Religious Perspectives on Religious Diversity addresses fundamental and controversial questions raised by religious diversity. What are members of religious traditions to say about outsiders, their views, and their salvific status? And what are they to say about the religions of outsiders – about, say, whether those religions are inspired or salvifically effective or worthwhile or legitimate? Discussion of some Muslim, Christian, and Jewish perspectives is combined with more methodological work. The authors of these ground-breaking and original, yet readable and accessible, essays include established scholars and younger scholars whose reputation is growing.
Contributors are: Imran Aijaz, David Basinger, Paul Rhodes Eddy, Jerome Gellman, Mohammad Hassan Khalil, Eugene Korn, Daniel A. Madigan, Robert McKim, John Sanders, and Diego R. Sarrió Cucarella.
"Judaism, Christianity and Islam’s attitudes to other religions are thoughtfully examined in this collection, both with fine historical sensibility as well as original constructive contributions from leading scholars in the field. A series of helpful meta-reflections follow on: typologies in theology of religions; the act of comparison between traditions; and a plea for informed tolerance when difference is confronted. A rare treat: an edited collection that is of uniformly high quality, throwing immense light on the subject. It will help specialists and undergraduate students approaching the subject of religious pluralism." - Professor Gavin D’Costa, University of Bristol, September 2016.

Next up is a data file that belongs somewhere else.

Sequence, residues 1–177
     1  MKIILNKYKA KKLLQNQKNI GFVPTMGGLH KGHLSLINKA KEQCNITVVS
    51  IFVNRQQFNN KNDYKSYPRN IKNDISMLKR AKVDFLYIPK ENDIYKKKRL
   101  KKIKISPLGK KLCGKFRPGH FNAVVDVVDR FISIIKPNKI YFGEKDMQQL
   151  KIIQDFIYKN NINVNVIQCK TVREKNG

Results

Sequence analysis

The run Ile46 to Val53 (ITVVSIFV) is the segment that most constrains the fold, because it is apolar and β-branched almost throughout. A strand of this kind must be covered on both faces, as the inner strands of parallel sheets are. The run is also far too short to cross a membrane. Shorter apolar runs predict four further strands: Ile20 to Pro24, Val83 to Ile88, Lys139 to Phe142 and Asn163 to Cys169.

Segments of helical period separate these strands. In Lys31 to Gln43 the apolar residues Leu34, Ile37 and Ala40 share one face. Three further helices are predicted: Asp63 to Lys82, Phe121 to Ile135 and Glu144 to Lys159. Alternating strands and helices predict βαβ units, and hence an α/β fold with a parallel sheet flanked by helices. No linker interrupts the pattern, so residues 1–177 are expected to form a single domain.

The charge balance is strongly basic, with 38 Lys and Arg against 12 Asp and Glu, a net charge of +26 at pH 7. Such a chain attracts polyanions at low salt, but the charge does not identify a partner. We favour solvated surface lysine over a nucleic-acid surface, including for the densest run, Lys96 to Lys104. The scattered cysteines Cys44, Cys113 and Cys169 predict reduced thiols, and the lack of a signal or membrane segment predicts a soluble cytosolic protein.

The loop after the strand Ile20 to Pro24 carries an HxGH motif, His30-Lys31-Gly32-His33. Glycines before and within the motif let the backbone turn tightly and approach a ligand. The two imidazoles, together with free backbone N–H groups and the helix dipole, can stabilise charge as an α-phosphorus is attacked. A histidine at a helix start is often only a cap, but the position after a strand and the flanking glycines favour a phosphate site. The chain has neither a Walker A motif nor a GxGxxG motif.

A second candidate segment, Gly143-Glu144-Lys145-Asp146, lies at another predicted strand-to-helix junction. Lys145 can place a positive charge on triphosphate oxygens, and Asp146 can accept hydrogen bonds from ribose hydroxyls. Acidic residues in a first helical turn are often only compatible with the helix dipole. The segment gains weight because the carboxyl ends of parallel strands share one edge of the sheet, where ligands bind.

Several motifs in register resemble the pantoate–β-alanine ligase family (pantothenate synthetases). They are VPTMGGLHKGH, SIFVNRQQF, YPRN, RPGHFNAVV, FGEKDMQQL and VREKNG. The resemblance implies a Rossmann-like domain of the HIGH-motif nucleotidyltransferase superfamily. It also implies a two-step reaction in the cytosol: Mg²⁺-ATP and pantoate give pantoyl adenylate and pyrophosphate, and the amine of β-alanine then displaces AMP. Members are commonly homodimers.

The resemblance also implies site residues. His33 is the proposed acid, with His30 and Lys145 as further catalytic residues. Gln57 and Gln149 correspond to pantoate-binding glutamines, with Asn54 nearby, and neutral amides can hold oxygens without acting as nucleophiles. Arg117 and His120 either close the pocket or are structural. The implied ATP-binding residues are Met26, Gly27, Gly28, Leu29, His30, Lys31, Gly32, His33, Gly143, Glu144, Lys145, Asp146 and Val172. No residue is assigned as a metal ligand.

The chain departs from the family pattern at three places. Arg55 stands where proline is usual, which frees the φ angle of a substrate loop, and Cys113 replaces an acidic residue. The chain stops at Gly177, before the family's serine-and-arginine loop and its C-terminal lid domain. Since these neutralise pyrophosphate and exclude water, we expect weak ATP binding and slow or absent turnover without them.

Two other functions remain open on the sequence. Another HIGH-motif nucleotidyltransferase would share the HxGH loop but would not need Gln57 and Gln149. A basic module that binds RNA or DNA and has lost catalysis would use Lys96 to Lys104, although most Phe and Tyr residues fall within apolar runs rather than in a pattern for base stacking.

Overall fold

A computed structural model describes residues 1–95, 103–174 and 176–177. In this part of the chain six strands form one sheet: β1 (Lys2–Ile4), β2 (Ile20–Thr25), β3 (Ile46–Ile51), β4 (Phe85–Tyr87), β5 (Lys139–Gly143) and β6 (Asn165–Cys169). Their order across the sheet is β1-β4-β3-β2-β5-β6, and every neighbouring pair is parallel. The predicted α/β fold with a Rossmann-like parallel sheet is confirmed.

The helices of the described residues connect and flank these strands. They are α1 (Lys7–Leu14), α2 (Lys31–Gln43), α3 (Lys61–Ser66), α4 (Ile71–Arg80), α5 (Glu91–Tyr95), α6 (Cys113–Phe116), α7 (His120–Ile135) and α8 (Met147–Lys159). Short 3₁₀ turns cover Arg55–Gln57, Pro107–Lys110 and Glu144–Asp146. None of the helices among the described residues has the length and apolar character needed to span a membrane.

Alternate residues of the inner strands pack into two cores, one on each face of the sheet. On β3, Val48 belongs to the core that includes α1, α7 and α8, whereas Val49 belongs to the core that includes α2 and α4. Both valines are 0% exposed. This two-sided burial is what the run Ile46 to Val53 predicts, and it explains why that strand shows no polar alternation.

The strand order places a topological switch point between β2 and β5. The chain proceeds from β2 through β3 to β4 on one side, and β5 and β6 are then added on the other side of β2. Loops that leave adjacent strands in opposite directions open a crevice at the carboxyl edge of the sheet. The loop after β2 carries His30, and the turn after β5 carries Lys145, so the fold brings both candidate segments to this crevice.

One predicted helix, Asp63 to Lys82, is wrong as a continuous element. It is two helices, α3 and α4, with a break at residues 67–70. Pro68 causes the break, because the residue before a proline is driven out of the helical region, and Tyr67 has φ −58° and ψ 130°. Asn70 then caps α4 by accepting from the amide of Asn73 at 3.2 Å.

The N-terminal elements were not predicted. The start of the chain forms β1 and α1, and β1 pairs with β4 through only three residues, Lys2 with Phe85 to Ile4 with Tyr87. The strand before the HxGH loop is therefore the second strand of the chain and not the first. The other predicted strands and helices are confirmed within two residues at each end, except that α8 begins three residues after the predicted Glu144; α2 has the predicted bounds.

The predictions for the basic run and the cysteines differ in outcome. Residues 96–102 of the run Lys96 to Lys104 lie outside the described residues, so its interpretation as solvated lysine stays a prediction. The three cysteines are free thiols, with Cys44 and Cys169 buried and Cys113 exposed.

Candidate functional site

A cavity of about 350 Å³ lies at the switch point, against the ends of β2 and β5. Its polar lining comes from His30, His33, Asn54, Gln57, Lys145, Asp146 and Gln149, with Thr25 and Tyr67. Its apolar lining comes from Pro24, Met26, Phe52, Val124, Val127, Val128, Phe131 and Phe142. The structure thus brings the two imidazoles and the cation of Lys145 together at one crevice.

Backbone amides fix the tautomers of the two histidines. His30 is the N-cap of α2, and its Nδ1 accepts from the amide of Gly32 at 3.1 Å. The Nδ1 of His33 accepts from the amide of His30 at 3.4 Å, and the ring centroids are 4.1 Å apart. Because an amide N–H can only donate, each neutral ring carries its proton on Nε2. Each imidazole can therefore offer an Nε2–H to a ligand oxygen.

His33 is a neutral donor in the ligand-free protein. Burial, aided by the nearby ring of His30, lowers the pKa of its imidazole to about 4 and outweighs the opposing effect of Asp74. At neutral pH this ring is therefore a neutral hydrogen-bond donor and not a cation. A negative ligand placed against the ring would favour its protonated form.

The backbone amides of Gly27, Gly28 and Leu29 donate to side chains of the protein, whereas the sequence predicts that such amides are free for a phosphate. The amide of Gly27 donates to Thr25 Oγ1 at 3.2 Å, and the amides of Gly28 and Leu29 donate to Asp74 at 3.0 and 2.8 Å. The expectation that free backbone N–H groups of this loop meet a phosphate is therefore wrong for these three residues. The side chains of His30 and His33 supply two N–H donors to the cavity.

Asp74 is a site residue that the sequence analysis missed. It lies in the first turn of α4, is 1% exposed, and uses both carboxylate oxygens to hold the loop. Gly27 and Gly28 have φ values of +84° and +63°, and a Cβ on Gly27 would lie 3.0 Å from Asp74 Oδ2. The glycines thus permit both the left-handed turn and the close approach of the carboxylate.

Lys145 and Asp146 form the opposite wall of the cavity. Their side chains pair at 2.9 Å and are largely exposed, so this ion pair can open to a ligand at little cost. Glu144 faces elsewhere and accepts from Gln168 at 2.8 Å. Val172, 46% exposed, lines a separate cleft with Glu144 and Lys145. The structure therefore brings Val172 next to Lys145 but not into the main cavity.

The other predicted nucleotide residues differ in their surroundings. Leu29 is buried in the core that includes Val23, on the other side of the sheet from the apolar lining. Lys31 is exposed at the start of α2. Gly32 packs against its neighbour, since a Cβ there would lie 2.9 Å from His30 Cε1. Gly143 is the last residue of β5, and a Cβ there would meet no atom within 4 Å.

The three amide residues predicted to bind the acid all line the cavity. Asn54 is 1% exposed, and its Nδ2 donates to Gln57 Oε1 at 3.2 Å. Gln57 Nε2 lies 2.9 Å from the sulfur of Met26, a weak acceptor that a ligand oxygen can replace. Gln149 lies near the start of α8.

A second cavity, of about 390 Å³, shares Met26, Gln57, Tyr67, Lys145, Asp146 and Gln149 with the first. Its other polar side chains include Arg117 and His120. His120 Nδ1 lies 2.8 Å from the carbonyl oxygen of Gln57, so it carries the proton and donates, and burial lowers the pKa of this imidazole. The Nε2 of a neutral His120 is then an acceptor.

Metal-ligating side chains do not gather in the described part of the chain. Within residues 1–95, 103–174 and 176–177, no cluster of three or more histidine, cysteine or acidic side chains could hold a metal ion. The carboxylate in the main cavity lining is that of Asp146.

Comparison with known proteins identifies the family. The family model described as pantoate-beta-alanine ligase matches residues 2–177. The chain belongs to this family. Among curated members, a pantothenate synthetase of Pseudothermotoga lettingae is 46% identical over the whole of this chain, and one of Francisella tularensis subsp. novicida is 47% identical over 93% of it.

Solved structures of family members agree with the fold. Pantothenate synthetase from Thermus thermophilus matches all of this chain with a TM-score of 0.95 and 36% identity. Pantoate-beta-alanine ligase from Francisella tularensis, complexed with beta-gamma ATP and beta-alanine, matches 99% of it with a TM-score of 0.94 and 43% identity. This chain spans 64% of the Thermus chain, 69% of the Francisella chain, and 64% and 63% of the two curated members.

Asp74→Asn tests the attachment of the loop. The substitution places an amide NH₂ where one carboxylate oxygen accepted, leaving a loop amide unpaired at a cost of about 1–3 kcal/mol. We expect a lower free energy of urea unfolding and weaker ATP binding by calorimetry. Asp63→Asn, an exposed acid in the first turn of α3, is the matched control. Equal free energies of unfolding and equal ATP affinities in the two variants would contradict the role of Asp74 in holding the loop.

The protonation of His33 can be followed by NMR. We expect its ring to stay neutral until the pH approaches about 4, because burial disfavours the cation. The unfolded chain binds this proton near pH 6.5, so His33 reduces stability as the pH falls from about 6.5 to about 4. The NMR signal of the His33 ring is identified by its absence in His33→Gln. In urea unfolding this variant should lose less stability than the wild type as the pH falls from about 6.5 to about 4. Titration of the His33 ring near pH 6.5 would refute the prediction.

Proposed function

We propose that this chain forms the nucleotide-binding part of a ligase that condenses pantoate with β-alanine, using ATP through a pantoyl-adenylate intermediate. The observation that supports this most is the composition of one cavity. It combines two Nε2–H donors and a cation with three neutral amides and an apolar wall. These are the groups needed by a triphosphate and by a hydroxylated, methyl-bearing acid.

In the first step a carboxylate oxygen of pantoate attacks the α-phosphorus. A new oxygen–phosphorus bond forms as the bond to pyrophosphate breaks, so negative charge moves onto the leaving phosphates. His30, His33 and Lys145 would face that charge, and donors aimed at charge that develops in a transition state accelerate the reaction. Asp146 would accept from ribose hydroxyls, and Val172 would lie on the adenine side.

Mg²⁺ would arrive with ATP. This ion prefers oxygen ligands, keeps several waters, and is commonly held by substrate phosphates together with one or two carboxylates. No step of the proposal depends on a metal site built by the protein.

This volume offers an account of Abū Ḥāmid al-Ghazālī (d. 505/1111) as a rational theologian who created a symbiosis of philosophy and theology and infused rationality into Sufism. The majority of the papers herein deal with important topics of al-Ghazālī’s work, which demonstrate his rational treatment of the Qurʾān and major subjects of Islamic theology and everyday life of Muslims. Some other contributions address al-Ghazālī’s sources and how his intellectual endeavors were later received by scholars who had the same concern of reconciling religion and rationality within Islam, Christianity and Judaism.
With contributions by Binyamin Abrahamov, Hans Daiber, Ken Garden, Avner Giladi, Scott Girdner, Frank Griffel, Steven Harvey, Alfred Ivry, Jules Janssens, Taneli Kukkonen, Luis Xavier López-Farjeat, Wilferd Madelung, Yahya M. Michot, Yasien Mohamed, Eric Ormsby, M. Sait Özervarlı, and Hidemi Takahashi.